During this audit, make sure to ask the department leads what tools their teams are actively using on a day-to-day basis, and to what extent they utilize the features that the subscription provides. Identify not just whether or not teams are using what they’re paying for, but also that they’re not paying for excess usage and licenses that they don’t need. (It’s not uncommon for a company to have a process in place to add new licenses for additional team members while failing to remove the seats of those who no longer use the tool or aren’t with the company anymore.)

And while actively auditing your company’s subscriptions helps keep your expenses in check, it’s just as important to get ahead of things by maintaining good procurement flows for new tools. Another way to ensure smarter spend is utilizing company cards with custom spend limits or merchant locks.

Did you know?

All of Mercury’s debit

The Mercury Debit Cards are issued by Choice Financial Group and Evolve Bank & Trust, Members FDIC, pursuant to licenses from Mastercard.
2 and IO credit cards
The IO Card is issued by Patriot Bank, Member FDIC, pursuant to a license from Mastercard.
3 have the option to be set up as merchant-locked cards, which restricts spending on that card to a single merchant. Add daily, weekly or monthly spending limits per card, for even greater control over your team’s subscription spend.

Explore IO

Negotiate better terms with merchants wherever possible

While most subscriptions or tools your team will use have set off-the-shelf pricing and packages, there’s often room to negotiate better terms or package deals, whether that’s related to pricing, renewals, account support, or feature access.

And this is especially true if you’ve been a loyal customer or have multiple licenses with a merchant, since those companies will likely be willing to work with you to ensure that you don’t churn. As you approach any of these negotiations and seek more favorable terms, it helps to go into these conversations from the position that you’re building a long-term relationship with this merchant or vendor — one that is mutually beneficial and has a lot of growth potential.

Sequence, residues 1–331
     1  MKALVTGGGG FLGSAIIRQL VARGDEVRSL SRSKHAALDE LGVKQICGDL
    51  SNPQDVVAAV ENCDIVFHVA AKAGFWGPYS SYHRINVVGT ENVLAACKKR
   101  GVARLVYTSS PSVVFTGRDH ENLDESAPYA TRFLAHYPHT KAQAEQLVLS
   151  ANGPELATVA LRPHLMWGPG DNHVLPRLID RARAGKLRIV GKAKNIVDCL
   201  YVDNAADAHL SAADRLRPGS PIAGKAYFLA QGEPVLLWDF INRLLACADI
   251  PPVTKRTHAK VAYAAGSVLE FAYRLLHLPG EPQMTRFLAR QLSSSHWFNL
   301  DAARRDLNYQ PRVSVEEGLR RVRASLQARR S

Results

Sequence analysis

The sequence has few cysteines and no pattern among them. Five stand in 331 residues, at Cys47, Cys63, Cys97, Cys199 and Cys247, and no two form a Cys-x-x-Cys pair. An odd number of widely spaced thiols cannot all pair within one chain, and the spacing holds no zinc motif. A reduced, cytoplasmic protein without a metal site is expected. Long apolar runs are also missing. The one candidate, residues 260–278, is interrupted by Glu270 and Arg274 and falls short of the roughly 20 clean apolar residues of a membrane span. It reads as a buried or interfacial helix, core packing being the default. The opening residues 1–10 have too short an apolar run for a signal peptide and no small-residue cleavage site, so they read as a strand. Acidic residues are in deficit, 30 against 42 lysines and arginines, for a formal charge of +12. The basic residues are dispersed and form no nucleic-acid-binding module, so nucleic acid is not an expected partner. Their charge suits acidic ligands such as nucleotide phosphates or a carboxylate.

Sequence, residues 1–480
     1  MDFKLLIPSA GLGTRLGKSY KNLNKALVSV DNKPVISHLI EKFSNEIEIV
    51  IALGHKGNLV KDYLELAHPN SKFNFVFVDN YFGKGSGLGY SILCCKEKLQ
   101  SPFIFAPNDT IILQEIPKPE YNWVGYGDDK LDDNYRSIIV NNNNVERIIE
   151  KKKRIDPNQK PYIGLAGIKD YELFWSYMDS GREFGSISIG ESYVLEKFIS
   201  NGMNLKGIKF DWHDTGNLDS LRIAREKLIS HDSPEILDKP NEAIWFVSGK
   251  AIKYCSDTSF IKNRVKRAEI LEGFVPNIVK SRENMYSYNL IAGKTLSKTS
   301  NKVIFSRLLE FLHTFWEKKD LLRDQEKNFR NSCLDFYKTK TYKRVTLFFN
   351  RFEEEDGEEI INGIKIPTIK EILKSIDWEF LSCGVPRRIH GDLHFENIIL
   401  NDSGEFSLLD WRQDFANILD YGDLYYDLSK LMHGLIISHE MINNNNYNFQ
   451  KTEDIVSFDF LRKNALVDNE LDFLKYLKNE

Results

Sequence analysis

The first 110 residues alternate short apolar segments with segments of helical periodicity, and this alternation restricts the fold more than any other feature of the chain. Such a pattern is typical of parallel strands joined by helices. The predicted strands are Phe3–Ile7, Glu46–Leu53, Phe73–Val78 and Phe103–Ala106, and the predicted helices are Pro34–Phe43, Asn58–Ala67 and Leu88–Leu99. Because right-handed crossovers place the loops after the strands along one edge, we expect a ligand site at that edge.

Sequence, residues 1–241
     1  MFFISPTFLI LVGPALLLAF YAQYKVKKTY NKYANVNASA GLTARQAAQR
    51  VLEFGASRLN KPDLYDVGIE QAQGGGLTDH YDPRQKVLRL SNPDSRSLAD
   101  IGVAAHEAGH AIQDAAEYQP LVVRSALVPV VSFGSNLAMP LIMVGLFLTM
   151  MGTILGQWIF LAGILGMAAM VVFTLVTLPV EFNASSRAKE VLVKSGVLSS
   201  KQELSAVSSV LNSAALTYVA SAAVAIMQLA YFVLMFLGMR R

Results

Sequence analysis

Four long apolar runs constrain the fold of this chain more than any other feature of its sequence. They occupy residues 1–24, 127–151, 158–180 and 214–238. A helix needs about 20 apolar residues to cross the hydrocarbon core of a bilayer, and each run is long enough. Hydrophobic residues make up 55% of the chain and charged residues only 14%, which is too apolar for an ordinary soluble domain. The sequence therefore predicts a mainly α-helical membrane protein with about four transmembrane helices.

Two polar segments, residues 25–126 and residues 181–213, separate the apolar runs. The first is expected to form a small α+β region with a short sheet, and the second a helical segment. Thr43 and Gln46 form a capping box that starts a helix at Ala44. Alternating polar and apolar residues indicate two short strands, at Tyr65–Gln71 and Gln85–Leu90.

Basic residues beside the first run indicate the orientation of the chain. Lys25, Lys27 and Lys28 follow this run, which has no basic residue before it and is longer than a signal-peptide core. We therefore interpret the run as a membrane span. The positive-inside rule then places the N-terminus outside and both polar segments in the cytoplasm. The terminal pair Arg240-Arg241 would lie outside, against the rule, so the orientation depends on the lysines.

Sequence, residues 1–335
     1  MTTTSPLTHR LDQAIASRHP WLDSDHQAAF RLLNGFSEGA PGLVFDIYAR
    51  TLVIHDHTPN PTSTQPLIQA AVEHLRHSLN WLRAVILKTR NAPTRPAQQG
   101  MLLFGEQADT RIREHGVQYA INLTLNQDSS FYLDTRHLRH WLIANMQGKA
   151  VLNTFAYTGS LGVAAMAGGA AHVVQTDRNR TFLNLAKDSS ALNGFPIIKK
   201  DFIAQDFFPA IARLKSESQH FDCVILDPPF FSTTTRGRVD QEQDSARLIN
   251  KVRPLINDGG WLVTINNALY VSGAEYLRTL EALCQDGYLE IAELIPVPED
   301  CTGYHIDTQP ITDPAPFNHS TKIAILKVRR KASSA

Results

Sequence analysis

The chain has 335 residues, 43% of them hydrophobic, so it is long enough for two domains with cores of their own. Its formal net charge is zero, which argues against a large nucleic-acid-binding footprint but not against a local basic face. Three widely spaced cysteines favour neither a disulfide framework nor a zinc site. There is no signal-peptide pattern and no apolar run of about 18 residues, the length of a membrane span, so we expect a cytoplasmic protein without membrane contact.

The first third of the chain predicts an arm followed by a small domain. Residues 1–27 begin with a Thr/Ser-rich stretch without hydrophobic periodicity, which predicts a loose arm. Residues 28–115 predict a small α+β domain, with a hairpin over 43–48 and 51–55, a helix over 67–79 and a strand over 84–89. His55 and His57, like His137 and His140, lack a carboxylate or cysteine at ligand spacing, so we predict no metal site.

You should also prioritize flexibility in your terms since the reality is that your company is probably changing quickly and your needs will change. Think about scalability and how your usage patterns might change over time. This will help ensure that the terms you’re negotiating are well-aligned with your growth plans and business cycles.

Upgrade or downgrade on an as-needed basis

Again, as your company grows, your needs will change — and as a startup, this is probably going to happen often and quickly. Subscriptions that you needed or that offered a lot of value when you were a 20-person company might not really have a purpose when you’ve scaled to 200+ employees. And conversely, if your team is still quite small, you might not need a super robust tool with all the bells and whistles that a more sophisticated company would benefit from more. In that case, the more advanced subscription might not necessarily warrant the extra cost.

If you’ve gone through your audit and found subscriptions that aren’t really serving your company’s purposes but that you don’t want to lose altogether, see if your terms allow an upgrade or downgrade before the end of your contract or payment cycle. If that option isn’t available for you right now, make a note of when you’ll be able to adjust your subscription to have it match up better with your company’s needs, and then revisit when the time comes.